In the past I’ve done recipes and videos for competition brisket but this one is a little different. There’s no injection or aggressive trimming, it’s just seasoning, smoke, and time.
I start with a 12-14lb whole brisket which is the perfect size for fitting into a Food Saver bag. It’s hard to wrestle bigger briskets trust me on this. You can expect a 12-14lb brisket to yield about 6-7lbs cooked which is enough meat to feed a dozen or more people.
Since we’re not injecting or marinating this brisket, it needs a good dose of seasonings on the outside to drive the flavor. I start with Butcher BBQ’s Steak and Brisket Rub
. This rub is a combination of Salt, Garlic, Onion, Lemon Pepper, and herbs. It’s a great base layer for any cut of beef. You can substitute any seasoning here even Salt, Pepper, Garlic will work.
Next I apply my rub (The BBQ Rub.
). It’s got some peppers and it’s going to give a great color to the Brisket. Plus it’s going to add just a touch of sweetness to give you a perfect balance… which is all your need for beef in my opinion.
Give it a good coat all over the brisket. Make sure you get the edges covered and any get it down in all the folds. You want seasoning on all surfaces.
The Last layer of seasoning is Montreal Steak Seasoning by McCormick. Not only does it bring more flavor to the bark but it also creates texture due to the coarse grind of the spices in it.
Once again here’s where this recipe differs:
At a contest I would cook brisket fat side down the entire time. But you have to remember with my competition briskets I’ve trimmed off most of the fat, and I’ve injected it with at least 16oz of liquid.
Also I’m more concerned with the appearance of the competition brisket. We’re judged on one bite most of the time and as you can imagine that bite has to be packed with flavor, moisture, and has to look like it came out of a magazine. You wouldn’t want to sit down and eat a plate of this brisket. It’s simply to rich and over the top.
For this “Eating Brisket” we’re not worried about the extra fat or what it looks like after it’s cooked, so I’m going to cook it fat side up the entire time. I want the final product to have a “beefy” flavor but not be enhanced or artificial.
I also want to taste the spice and smoke on the outside. This is the way brisket was meant to be cooked!
So I have the brisket on the pit, fat-side up and the temp holding steady at 250 degrees. For smoke I use a few chunks of pecan and cherry wood, but not too much. It’s easy to overpower beef with smoke. The cherry will give you all the color and smoke ring it needs, trust me on this.
At this point you can set a timer and relax for a few hours. Keep the temp steady at 250 and the door closed. After 4 ½ hours it’s time to take a look.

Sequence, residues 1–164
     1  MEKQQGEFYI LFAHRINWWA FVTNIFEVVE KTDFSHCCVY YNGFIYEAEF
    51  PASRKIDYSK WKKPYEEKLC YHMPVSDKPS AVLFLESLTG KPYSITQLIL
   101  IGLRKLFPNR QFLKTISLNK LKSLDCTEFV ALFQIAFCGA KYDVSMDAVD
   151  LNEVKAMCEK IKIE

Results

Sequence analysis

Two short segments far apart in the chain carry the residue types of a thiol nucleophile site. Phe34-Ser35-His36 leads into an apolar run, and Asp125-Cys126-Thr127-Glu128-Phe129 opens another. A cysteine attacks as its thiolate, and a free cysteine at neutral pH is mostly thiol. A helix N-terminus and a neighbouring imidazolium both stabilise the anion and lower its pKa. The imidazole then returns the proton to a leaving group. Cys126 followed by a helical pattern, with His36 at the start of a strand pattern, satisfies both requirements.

I don’t go by internal temperature at this point. I know some folks say to take it to 165 or 170 before you wrap, but I really don’t care what the internal is right now. What is important is the color on the outside. It should be dark but not burnt. I want a mahogany color not a meteorite!
Once the color is right on the outside, I wrap the brisket in aluminum foil. Pull off strips about 36” long and lay them cross wise over each other. I use at least 3 layers because I don’t want any leaks. Carefully place the brisket back on the cooker to finish.
The temp should be holding steady at 250 for the remainder of the cook and it’s probably going to take about 4 more hours. Typically a 14lb brisket takes me 9 hrs to cook at 250.
It’s a good rule of thumb but not always the case. This is where the internal temperature becomes crucial.
Brisket needs to get to 198 degrees in the thickest part of the flat. Sometimes it happens is 8 hours, sometimes it’s 12. There’s no exact science here but be patient and start checking around the 7 ½ hour mark.
Once I see 198 in the flat, it’s time to get it off the heat. Open up the foil and let the steam escape for 5 minutes, then cover it loosely and let it rest. I place it in a cambro or clean, empty cooler for at least 2 hours.
Since I’m giving this brisket as a gift, I needed it to cool completely before vacuum sealing.
After the 2 hour rest, I chilled it in the refrigerator for a couple hours. Then it was easy to slide into the 11” Food Saver bag.
I also poured the drippings into a pyrex measuring cup and let it chill in the fridge. Once the fat comes to the top, dip it off and pour the remaining Jus in the bag with the brisket. It makes some really good liquid for reheating the brisket.
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